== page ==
Light-rail safety around America: how does Seattle stack up?

Despite operating 6 miles of surface tracks, with 37 grade crossings where people, cars and goods mix with trains, Sound Transit is safer than many light-rail systems across the country. Nevertheless there is scope for improvement.

Based on Federal Transit Administration (FTA) data, Seattle-area trains on Sound Transit’s Line 1 were involved in collisions 92 times in 2015–2021, approximately once per month. Of the 22 light-rail systems, there were 21 injuries and deaths, placing sound transit in 15th place. (Greeley Tribune counts FTA data for collisions with pedestrians and vehicles on tracks, excluding people aboard trains or station platforms, transit workers, and some low-damage accidents.)

By comparison, there were 629 accidents in Houston, where 80 road and driveway crossings lead to conflict. The Los Angeles Metro reported 151 injuries and deaths, but trains on LA’s four routes crashed less per mile than Seattle’s single line.

To be sure, the country’s 531 light-rail accidents in 2019 do not compare with the 6.8 million motor-vehicle accidents and 36,096 road accidents reported to the police that year. Light-rail trains provide a small portion of US trips, but have more collisions per mile than private cars, usually at road crossings.

Sound Transit proposes new design standards that declare, “future grade pedestrian track crossings should be avoided wherever possible.” A 2024 extension to Federal Way and Lynwood is being constructed off-road, while trains to Bellevue will cross three streets east of the city.

Here’s what some cities tried:

Tookos angeles

The new Crenshaw Line south of the airport does not open until late 2022, but the agency is already a . has agreed to replace Boulevard Crossing in Nearby Inglewood and an overhead trestle for $150 million in 2026 to prevent overcrowding and accidents around new stadiums. 2028 Olympic Games,

Ten intersections along the Crenshaw Line are equipped with red light enforcement cameras, mango in LA Metro,

portland

In 2019 Oregon lawmakers established a unique Tri-Mate Crash Advisory Committee on the encouragement of Darla Sturdy, whose 16-year-old son was hit by a train while cycling in suburban Gresham in 2003. She says the Oregonian was implicated long ago with the intent of a “transit-industrial complex” to gain public money.

“They must have an incredible safety record,” Sturdy said. “They’re not because of the operator, it’s because of the design.”

The committee has focused on multiple-accident locations where Tri-Mate could consider slower road speeds and better signals, says chairman Scott Kochhar. In addition, more homeless people are walking on tracks from camps where Tri-Mate has installed new fences, but a long-term solution is needed, Kochhar said.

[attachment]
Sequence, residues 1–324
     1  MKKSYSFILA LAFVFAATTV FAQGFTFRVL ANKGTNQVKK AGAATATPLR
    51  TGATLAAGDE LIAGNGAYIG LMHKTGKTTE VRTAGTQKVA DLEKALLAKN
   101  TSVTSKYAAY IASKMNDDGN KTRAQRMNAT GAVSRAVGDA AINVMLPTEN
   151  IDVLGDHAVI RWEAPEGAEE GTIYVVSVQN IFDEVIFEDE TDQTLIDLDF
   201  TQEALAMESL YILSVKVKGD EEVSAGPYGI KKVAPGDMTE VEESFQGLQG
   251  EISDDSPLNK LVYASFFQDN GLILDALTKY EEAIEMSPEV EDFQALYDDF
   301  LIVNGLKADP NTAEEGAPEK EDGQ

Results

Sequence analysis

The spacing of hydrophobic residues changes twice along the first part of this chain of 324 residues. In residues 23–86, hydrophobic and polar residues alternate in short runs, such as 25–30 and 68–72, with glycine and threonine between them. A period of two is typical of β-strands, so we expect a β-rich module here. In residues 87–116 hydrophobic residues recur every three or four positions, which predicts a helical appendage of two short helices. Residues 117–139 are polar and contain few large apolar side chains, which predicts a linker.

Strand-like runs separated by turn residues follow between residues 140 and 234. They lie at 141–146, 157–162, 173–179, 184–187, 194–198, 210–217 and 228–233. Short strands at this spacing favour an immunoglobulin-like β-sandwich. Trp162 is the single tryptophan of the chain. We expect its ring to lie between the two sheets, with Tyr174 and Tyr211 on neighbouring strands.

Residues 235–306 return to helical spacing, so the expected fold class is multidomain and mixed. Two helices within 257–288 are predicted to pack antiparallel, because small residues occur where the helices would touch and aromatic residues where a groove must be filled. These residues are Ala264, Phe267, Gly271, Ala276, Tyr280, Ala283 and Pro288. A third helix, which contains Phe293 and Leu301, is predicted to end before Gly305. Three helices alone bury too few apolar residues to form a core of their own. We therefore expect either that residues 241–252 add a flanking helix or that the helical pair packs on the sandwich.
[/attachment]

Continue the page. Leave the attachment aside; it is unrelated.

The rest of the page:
Tri-Mate is researching how Identify the most useful crossing improvements The focus is on pedestrians, spokeswoman Roberta Altstadt said. FTA says it awarded $825,506 for $1.1 million project despite 2025Featuring new cameras and video analysis to look for “a measurable reduction in deaths and injuries at light-rail crossings”.

Portland’s unique Tillicum Bridge over the Willamette River for transit, pedestrians and cyclists added a traffic-free mile of corridor in 2015. Tri-Mate conducted a study $4.5 Billion Downtown Tunnel To increase speed and capacity compared to the slower surface trains of downtown.

houston

Houston Metro nickname was given “Wham Bum” Train During startup in 2004, and its current 22-mile network there are an average of 90 crashes per year. These basic track vehicles are found along the left-turn lane as well as the driveway near the Texas Medical Center.

To reduce debris, Metro has tried blue and red stripes on trains, and signals that give trains a head start before other traffic. Warning lights in the pavement reduced dangerous car turns, but a contractor couldn’t hire them,

However, the city is still making compromises to avoid reducing car capacity. As recently as 2015, Houston built more “shared lanes” for a new downtown light-rail line.

pittsburgh

Port Authority light-rail trains rarely collide, on average five times per year.

“The fact that our system is relatively slow, and also slow at crossings, certainly plays a role,” said spokesman Adam Brandolph. Grade-crossing speeds are 10–15 mph, compared to cruising speeds of 30–35 mph.

Trains may avoid conflict in the city with the 118-year-old Mount Washington Tunnel and a new Allegheny River Tunnel, but share 14 miles of crossing or surface roads.

Brandolph said neighbors know what to expect because the trains use a nearly century-old trolley corridor. If two trains interconnect they automatically stop because their old power supply can only propel one.

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